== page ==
Naturally, intermarriage is a hot button issue in Judaism. It seems that nothing that one can say will placate those who do not hold the traditional halakhic (Jewish jurisprudence) position in Judaism. If one does not hold by the halakhah, discourse becomes strained, if not impossible, especially when it comes to Jewish status.
The Reform position is well-known and since I do not subscribe to that position, I will leave it to others to address it.
Conservative Judaism, historically, has held positions which are closely in line with the traditional halakhic position, that one is Jewish if born of a Jewish mother or duly converted by a Beit Din—Rabbinical Court.
How all of this applies varies and it appears that regionally even within orthodoxy there are varying standards.
Nonetheless, traditional Judaism holds that there can be no marriage between Jews and non-Jews.
It is not a question of how much the couple loves one another, or how wonderful they are. The halakhic answer is, no. Now, if the non-Jew is truly sincere in their wish to become Jewish through halakhic means, then it would appear that they may marry the Jewish partner.
But even this is not so straightforward. I would be less than forthcoming if I did not point out that there have been and are religious communities that frown upon conversion for marriage purposes, even if there is some real sincerity in the desire to be part of Judaism.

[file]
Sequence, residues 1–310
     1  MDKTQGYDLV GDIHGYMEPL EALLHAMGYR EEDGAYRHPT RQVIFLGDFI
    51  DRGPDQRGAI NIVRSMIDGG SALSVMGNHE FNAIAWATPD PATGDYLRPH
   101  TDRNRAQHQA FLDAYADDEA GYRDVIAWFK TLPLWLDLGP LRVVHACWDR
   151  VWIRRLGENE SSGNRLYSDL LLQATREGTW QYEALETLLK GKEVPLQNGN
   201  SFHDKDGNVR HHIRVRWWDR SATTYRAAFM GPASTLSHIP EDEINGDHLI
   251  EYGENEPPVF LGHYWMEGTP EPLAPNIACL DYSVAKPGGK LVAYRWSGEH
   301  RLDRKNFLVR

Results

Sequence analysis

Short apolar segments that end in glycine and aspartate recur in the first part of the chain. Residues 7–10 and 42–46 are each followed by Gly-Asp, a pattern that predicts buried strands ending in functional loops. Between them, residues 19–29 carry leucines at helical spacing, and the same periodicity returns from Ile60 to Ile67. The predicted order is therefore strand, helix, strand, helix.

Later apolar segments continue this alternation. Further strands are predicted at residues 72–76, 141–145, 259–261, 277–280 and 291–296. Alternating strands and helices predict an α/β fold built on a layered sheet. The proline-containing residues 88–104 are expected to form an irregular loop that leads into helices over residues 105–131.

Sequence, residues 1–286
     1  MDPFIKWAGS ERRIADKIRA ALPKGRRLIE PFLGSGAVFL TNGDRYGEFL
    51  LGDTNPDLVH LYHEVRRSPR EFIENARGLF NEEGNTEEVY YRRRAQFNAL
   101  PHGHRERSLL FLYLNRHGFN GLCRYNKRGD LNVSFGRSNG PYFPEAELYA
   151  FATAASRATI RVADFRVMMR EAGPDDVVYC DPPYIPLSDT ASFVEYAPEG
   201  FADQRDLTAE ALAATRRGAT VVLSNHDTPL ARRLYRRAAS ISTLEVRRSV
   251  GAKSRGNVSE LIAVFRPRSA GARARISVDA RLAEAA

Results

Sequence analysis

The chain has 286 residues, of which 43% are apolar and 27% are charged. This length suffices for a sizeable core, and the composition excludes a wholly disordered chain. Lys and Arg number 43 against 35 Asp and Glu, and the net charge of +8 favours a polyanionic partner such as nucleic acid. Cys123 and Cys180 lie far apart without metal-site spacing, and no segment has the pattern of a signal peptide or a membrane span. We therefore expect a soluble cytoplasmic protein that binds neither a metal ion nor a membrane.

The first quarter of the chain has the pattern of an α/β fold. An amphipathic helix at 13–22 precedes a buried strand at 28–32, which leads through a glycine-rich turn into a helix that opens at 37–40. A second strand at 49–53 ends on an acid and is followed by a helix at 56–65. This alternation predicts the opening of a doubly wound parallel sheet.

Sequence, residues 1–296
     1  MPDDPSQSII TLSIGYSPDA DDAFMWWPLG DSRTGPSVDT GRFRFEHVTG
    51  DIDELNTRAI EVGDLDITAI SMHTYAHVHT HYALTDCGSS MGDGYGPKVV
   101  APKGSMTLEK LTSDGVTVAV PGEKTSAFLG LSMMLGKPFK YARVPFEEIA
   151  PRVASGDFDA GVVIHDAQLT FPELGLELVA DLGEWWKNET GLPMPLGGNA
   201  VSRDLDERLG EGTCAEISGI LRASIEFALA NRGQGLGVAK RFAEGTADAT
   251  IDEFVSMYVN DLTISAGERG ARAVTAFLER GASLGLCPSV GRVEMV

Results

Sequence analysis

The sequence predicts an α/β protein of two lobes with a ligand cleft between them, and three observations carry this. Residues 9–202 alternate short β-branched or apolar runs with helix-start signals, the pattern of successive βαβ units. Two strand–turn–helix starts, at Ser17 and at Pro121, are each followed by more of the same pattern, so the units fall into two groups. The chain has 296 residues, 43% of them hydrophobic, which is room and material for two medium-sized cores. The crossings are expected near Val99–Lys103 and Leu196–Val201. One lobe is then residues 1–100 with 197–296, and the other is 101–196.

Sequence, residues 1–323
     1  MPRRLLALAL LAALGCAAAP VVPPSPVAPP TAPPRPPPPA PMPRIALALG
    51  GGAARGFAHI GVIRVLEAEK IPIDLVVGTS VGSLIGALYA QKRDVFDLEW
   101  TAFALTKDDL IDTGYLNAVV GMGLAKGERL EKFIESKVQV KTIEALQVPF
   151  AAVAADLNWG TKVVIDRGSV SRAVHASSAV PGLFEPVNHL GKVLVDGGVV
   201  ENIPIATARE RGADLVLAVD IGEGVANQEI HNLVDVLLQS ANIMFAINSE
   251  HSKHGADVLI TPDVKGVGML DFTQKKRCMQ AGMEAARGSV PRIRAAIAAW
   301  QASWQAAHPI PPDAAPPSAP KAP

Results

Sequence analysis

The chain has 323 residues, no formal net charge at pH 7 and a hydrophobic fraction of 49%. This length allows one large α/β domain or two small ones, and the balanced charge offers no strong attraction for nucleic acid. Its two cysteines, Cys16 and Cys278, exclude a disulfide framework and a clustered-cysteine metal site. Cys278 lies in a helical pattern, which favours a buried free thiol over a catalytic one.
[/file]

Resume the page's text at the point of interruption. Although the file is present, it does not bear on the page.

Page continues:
In America we speak of intermarriage, meaning a Jew marrying another of a non-Jewish origin. In other countries, such as Australia, Jews do not speak of “intermarriage”, rather “marrying out.” It appears to me that in America we emphasize the joining in, whereas in other countries the emphasis is on the loss of another Jew from the Jewish fold.
In fact, I think that it can be borne out statistically that more than the Jew brings in another to the Jewish fold; a Jew is lost to Judaism altogether when they marry a non-Jew. The Jew generally joins with the majority population, rather than the non-Jew becoming “Jewish.”
When asking about a couple intending to raise their children as Jewish, the fact remains halakhically, that any child born to a Jewish mother is Jewish by definition.
Any child born to a non-Jewish mother is not Jewish by definition, period. If the child upon reaching maturity desires of their own volition to convert, they may convert, just as any other person could, but the fact that the couple decided to intermarry and raise the child as Jewish, does not ipso facto make the child Jewish, from an halakhic point of view.